The Masalit of North Central Africa
A cluster of 3 closely related groups in 2 countries.
It is unclear whether the word Massalat is an Arabic form of "Masalit," or if the Massalat are actually an offshoot of the Dar Masalit people. It is certain, however, that the two groups are in close contact with each other and share similar customs and traditions. Both the Masalit and the Massalat speak Maba languages from the Nilo-Saharan language family.
In times past, the Masalit were known as fierce warriors who fought hard to protect their independence. Today, they are becoming more settled as a result of outside political, economic, and cultural influences.
What Are Their Lives Like?
In addition to farming, the Masalit raise cattle, sheep, and goats, which are helpful in fertilizing their fields, as well as providing milk for the villagers. Though donkeys were their only means of transportation in the past, camels purchased from Arab nomads have recently become an important means of transportation.
Both men and women cultivate the fields, own land and animals, make decisions, and store their harvests separately. Although they share most of the household tasks, including raising the children, all of their financial responsibilities are kept separate. Some of the older Masalit children have their own fields where they cultivate their own crops.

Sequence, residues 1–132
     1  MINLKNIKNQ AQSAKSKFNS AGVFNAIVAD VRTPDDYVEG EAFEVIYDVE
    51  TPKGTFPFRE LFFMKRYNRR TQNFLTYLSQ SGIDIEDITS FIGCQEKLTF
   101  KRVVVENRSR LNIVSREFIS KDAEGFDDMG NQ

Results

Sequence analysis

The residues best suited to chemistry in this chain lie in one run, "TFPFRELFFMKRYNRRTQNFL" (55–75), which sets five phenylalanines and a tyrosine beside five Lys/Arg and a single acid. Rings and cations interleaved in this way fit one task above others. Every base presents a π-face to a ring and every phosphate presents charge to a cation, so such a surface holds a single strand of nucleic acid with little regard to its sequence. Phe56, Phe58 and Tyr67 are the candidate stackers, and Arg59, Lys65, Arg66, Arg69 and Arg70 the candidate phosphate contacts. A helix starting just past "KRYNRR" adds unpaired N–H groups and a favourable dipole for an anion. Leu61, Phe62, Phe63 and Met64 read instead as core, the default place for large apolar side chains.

Generally, the men tend to the livestock while the women cook, care for the young children, gather wood, and draw water. Economic activities are usually the responsibility of each individual. Therefore, each person takes responsibility for his own work.
Most of the Masalit live as nuclear families in village settlements. Their homes are made from forest products. The walls are made of grass mats, and the cone-shaped roofs are thatched with wild grasses. They are round in shape and their frames are held up by strong wooden posts and poles. The huts are situated closely together to form small compounds. The compounds are surrounded by fences made from millet stalks. Each village consists of several compounds.
Inside each village is a central masik, which is a shaded clearing where men gather to eat, drink, pray, socialize, and discuss village affairs. The women do not socialize at the masik, but visit one another at the village well or in each other's homes.
Masalit marriages generally take place between young couples in their early 20's. Polygamy (the practice of having multiple wives) is permitted and most men have two wives, sometimes more. Unfortunately, divorce is common among the Masalit.
Before a marriage is finalized, a man must pay a bride-price to the woman's family. He is also required to build a house in the bride's mother's compound. The couple will live in that house for at least one year while the new husband works in his mother-in-law's fields. When the couple has their first child, they then decide whether or not to stay in their home, or resettle near the husband's family. This decision largely depends on the availability of fields.
What Are Their Beliefs?
The Masalit are increasingly becoming more orthodox in their faith. Islamic laws dominate their political and social lives, as well as their values. Today, most Masalit abstain from alcohol, pray five times a day, and seek religious counsel for important matters.
What Are Their Needs?
Although a few missions agencies are currently working among the Masalit of Chad, there are none targeting the groups in Sudan. Fervent intercession and further evangelistic efforts must be made in order to help turn the hearts of the Masalit toward the Truth.Prayer Points
© Copyright 1997
Bethany World Prayer Center
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